Woods: Freedom Under FIRE
By Brendan Woods, Staff Columnist
Published on Thursday, January 6, 2011
You don’t have to be a founding father to appreciate the value of free speech. The First Amendment has been protecting blowhards and civil rights leaders alike since it was first written into the Constitution. Even in our divided country, the importance of free speech is so universally acknowledged that it would be downright un-American for somebody not to believe in it—although he or she could expect Americans to defend the right to think so.
Given that free speech is at the heart of the academic process, one would expect colleges and universities to be the most fervent defenders of the First Amendment. A recent report from the Foundation for Individual Rights in Education, however, questions that assumption. FIRE reported that 67 percent of the nation’s universities have speech codes that restrict freedom of speech on campus. Five Ivy League schools received a “red light,” signifying substantial restrictions of students’ freedom of speech.
At Harvard Law School, administrators shut down a student comedy show that poked fun at professors, saying that the students’ parodies were violations of Harvard’s harassment policy. Columbia’s Teachers College evaluates its students based on how well they demonstrate a commitment to diversity and social justice, effectively grading them on their political and moral beliefs. Some of the violations FIRE cites are trivial—in 2009 a Yale dean nixed student plans to distribute t-shirts emblazoned with a quote from F. Scott Fitzgerald that called Harvard men “sissies”—but others are more serious. There have been documented cases of discrimination against campus religious groups at Princeton and Brown, where certain campus ministries were de-recognized or denied rights given to secular student groups and other religious organizations.
FIRE’s website also cites examples of Ivies interfering with other First Amendment rights, including the freedom of association. In 2009 Cornell’s Student Assembly passed a so-called “anti-discrimination” clause that prohibited campus groups from discriminating on the basis of religion, race, sex or other categories in its requirements for leadership positions. In other words, at Cornell a Muslim group cannot require that its president be Muslim, nor can the Society of Women Engineers mandate that its leadership be female.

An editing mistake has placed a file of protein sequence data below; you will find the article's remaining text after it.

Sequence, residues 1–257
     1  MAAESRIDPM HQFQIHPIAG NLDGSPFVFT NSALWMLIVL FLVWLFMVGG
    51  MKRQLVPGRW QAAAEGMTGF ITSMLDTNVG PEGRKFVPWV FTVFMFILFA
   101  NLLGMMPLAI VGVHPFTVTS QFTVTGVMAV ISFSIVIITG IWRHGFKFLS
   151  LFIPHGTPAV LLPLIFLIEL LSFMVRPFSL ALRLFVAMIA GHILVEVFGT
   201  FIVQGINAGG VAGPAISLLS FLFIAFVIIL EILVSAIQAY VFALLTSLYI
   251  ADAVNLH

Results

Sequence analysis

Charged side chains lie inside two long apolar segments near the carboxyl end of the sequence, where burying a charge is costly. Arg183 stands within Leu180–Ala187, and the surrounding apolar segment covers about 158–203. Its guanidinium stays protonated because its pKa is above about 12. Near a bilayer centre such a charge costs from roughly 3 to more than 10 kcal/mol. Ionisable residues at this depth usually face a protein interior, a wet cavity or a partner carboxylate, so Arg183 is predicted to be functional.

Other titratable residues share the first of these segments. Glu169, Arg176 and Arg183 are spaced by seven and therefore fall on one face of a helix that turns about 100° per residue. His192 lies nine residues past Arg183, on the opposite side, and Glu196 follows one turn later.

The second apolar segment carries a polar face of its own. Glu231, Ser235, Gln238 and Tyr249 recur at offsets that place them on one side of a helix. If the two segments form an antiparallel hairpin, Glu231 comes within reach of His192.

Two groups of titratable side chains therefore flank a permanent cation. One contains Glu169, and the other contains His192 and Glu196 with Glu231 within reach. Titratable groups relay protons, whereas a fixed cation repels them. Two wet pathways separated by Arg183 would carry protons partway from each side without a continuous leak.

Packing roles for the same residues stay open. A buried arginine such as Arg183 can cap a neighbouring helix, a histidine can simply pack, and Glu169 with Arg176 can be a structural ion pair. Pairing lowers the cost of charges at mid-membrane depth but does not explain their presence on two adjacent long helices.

We are fortunate here in Hanover. Dartmouth was one of only twelve schools to receive a “green light” in the FIRE report. According to FIRE’s analysis, there are very few official restrictions on free speech at Dartmouth. But the safety of free speech extends beyond the formal positions of the administration. True freedom of speech requires taking the next step to where unpopular ideas are actually respected. On this measure I wouldn’t say Dartmouth scores quite as well.
Take several articles that appeared in these pages in the fall. Jordan Osserman ’11 wrote a controversial column about fraternity hazing (“Hazy Thinking,” Nov. 9)sparked an outrage that went beyond mere criticism of his ideas. Comments online and a response printed in The Dartmouth criticized Osserman not for the words he wrote, but for irrelevant personal traits and beliefs. Osserman was later kicked out of a fraternity angered by his column.
Roger Lott ’14 has also faced personal attacks from people who disagreed with some of his articles. Of course, Internet comment sections are never bastions of civility and commenters have First Amendment rights of their own. Still, one has to wonder whether vicious online comments act to discourage the free speech and open exchange of ideas that students, including columnist Brian Solomon ’11 (“Debate This,” Jan. 4), have so often called for.
Freedom of speech in the classroom is not a guarantee either. Conservatives love to bring up the image of liberal professors bullying the lone Republican in a class, and usually I think their concerns are overblown. However, I have had professors who dismiss respected conservative ideas and who use the word “republican” to elicit cheap laughs from students.
The FIRE report is an opportunity for the College to pat itself on the back. However, the report reminds us that freedom is more than a formal commitment. When an institution or individuals don’t want people to exercise their freedoms, it is questionable whether the freedom actually exists.